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February 19th, 2009 By | News | Posted In: News, Environment, Public Policy, Social Justice

Clean Coal Myth

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No matter what a politician says, coal has never been and can’t be “clean” or serve as an “alternative” fuel that’s good for the environment. On position held by many groups is that limiting the use of coal is necessary to create the incentive to come up with energy alternatives that truly don’t harm the environment. The League of Women Voters is one of those groups.

“The League of Women Voters of the U.S. has called for a 'coal moratorium' - a ten-year freeze on the construction of new coal-fired power plants,” says a press release from the group. “Other national groups have stated that if we hope to prevent the worst of global warming, we have to stop burning coal, and fast. But what does this mean for Ohio, where 90 percent of electricity comes from coal and where the decline of traditional manufacturing has already caused great economic hardship?”

Nachy Kanfer will lead a discussion of how “a coal moratorium, coupled with energy efficiency and an aggressive green jobs campaign, will enable Ohio to lead the nation in its transition to clean energy.”

“Nachy Kanfer is the Sierra Club's National Coal Campaign representative in Ohio,” says the LWV. “He grew up in Columbus and is a graduate of Yale University. He recently returned to Ohio after working on several environmental programs in the Middle East.”

Coal Moratorium: a New Economy for Ohio is scheduled for April 29 7 p.m. Co-sponsored by Miami Group, Sierra Club; Citizens for Civic Renewal and the Woman’s City Club, the free event will be at Mt. Auburn Presbyterian Church Social Room (103 William Howard Taft Rd. C/O 45219).

Mark your calendars!

 
 
02.20.2009 at 08:57 Reply
Clean energy. What does that mean to the average person? In my eyes, that means that my electric bill will go up. It means that someone else will tell me how to spend my money, live my life, and punish me for not following the extremists’ agenda. Our nation as a whole needs to define what the known consequences of climate change (global warming) will be, not speculate on it and develop a good working energy policy for the benefit of all. As a part of this definition, we need to answer this question “Are humans really affecting anything globally or is Mother Nature just being Mother Nature - always changing”. In my opinion, there is a better way than a coal moratorium. Today, we have the ability to "replace" existing older inefficient power plants operating on coal, natural gas and other fossil fuels with significantly cleaner operating plants burner coal and other fossil fuels, at an equal or reduce cost to the consumers. These plants can offer electricity 24/7 365 days a year, not just when the wind blows or during a sunny day. We need to replace the power generation infrastructure with the newest plants available. This replacement effort can even absorb the increased energy demands and still significantly reduce emissions and costs. The electric growth rates are increasing today and they will increase even faster when the economy turns around and begins producing again. The efficiency improvements, emission reductions and job creation resulting from this infrastructure replacement will go along way in improving our environment, economy and personal lifestyles. We, as a nation, need to keep a viable coal energy policy in our future, not only for economic growth and national and regional energy independence, but for the continued growth of each and every persons dreams and goals.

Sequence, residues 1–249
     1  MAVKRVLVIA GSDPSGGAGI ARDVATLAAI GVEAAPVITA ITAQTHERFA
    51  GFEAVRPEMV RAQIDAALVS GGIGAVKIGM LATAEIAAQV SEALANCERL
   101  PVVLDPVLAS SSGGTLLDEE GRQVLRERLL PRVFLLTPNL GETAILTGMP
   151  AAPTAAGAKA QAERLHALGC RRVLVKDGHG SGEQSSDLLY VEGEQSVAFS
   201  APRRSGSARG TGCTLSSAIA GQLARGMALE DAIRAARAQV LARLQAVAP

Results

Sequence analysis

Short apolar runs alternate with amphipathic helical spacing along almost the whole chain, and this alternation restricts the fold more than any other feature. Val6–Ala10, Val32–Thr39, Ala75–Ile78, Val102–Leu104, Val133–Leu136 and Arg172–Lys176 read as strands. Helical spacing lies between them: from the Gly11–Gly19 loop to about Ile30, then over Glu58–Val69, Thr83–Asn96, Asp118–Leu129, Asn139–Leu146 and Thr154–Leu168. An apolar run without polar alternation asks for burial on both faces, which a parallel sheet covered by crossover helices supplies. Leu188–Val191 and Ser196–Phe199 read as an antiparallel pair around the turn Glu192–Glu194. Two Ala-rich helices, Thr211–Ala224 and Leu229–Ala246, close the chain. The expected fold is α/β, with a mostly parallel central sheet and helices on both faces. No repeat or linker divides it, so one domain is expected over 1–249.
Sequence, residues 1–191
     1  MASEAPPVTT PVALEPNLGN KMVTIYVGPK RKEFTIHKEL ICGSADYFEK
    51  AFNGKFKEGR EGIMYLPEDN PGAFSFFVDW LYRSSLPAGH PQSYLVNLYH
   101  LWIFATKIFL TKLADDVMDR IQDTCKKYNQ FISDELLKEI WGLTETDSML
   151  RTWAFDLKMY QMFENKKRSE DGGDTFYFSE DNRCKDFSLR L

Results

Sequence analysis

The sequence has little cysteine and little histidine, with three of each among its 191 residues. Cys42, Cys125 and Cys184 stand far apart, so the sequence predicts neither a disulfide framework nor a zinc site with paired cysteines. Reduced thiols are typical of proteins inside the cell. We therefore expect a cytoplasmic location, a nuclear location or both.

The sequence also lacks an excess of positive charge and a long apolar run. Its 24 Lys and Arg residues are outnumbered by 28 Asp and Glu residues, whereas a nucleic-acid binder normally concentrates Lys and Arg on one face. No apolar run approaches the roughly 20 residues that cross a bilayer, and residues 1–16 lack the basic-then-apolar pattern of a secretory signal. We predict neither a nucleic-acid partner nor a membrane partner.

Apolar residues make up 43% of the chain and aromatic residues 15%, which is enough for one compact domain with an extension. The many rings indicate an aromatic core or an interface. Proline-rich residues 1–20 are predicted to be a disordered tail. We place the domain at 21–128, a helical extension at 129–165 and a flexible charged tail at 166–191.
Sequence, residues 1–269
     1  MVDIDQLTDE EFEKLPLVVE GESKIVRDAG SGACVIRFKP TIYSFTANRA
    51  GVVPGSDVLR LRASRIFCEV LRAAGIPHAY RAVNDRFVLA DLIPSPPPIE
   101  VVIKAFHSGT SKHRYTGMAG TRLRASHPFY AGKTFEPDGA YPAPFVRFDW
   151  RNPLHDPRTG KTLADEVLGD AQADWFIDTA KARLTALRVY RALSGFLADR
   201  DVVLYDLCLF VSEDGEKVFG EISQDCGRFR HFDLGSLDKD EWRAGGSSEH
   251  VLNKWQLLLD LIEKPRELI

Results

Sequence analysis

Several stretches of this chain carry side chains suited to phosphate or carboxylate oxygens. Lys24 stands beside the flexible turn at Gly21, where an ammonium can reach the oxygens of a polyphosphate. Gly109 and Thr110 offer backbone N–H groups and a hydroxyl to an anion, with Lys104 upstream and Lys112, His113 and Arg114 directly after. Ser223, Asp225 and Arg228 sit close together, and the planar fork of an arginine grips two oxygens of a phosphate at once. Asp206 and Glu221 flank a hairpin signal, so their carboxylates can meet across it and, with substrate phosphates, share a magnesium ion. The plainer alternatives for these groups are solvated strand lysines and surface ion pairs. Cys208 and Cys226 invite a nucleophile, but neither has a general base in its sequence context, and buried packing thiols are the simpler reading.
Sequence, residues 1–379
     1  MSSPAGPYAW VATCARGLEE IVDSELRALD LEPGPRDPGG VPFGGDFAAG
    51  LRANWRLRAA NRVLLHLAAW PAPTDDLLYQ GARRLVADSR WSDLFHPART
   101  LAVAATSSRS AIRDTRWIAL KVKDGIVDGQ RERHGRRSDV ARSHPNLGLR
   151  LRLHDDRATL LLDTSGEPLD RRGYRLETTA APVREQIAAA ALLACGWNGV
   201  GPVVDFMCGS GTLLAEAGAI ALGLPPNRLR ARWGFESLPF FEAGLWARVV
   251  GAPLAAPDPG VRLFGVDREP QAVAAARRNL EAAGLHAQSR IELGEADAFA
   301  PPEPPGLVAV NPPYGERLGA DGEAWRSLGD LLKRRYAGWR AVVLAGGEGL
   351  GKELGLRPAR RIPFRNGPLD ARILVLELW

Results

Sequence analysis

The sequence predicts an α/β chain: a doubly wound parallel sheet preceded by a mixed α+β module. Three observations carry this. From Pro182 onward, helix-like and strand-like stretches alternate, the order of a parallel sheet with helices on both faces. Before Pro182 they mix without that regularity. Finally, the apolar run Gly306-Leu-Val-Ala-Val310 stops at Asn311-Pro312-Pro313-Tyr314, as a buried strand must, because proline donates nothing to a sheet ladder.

02.20.2009 at 07:09
So removing mountain tops and destroying streams that supply drinking water is OK? And your 365/24/7 approach falls flat when the coal, oil and natural gas run out, because they will. I also suggest taking a tour of the communities polluted and devastated by cols burning plants and coal mining activities, respectively. While you're at it, check out the contaminants in your drinking water as a result of those coal operations that aren't in your backyard. Being short-sighted is as dangerous as it is irresponsible. If we don't get creative and look for alternatives our children or our children's children aren't going to be screwed because we didn't think beyond our own convenience and comfort.

 

02.20.2009 at 08:53 Reply
NO, damaging the landscape and polluting streams is wrong. Putting workers in peril is wrong. The companies that do that should be held accountable. There are coal companies that take worker protections and environmental stewardship very seriously, there are gas companies that drill and explore with minimal impact to the land and there are utilities throughout this country that take extra measures to ensure the impact on the environment is as minimal as possible. All of these companies provide the people of this country with reliable and affordable energy. These beacons should be encouraged and our government and the people of this nation should support these companies to continue to improve and reduce their affects on the environment, thus showing the way for others. We as a nation can utilize the vast resources of coal and other fossil fuels in a responsible and environmentally friendly way until the technology and financial costs of more environmentally friendly energy resources are affordable and reliable. We are not there. As a counter point, have you ever seen the thousand of acres cleared for the vast wind farms being installed in the plains states? The effect on the migrating birds flying through these areas is devastating to the flocks. How about the hundreds of acres used for a solar energy farm in the desert, blocking the sun’s rays from the small plants and animals that are so vital to the ecology of the desert. The damage from these solar farms will take century for the desert to recover after they are gone. How’s is this any more or less environmentally friendly. A nuclear plant takes less than a hundred acres and provides 10-20 times more power than the wind farm noted above. Yes, the waste will need to be dealt with, but we as a nation will over time and our efforts should always be towards resolving the environmental problems that we inflict on this planet.